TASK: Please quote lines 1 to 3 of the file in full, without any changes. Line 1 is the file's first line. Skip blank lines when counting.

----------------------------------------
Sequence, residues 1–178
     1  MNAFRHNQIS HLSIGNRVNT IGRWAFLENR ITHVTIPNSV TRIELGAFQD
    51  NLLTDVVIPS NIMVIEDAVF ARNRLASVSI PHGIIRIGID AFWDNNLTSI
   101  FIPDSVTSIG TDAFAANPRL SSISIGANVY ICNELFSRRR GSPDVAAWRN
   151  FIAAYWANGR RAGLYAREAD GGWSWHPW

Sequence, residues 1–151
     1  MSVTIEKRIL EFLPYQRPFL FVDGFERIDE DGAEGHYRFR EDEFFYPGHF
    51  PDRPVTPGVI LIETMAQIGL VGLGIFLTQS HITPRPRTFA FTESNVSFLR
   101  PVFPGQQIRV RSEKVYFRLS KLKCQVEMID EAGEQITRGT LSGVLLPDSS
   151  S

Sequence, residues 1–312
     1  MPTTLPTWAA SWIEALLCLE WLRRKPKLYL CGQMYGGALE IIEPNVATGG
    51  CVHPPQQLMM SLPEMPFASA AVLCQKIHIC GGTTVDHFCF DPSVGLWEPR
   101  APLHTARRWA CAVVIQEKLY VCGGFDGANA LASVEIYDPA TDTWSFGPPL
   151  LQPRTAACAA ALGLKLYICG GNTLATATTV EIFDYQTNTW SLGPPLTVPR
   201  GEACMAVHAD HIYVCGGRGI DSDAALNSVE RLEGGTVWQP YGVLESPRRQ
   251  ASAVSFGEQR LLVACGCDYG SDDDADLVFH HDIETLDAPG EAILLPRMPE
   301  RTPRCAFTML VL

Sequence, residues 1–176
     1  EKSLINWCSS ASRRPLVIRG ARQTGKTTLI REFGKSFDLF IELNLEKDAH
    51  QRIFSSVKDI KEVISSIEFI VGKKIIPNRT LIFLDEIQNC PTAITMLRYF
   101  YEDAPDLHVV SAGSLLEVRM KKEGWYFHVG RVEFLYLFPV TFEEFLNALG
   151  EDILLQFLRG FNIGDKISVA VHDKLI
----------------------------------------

Sequence, residues 1–178
     1  MNAFRHNQIS HLSIGNRVNT IGRWAFLENR ITHVTIPNSV TRIELGAFQD
    51  NLLTDVVIPS NIMVIEDAVF ARNRLASVSI PHGIIRIGID AFWDNNLTSI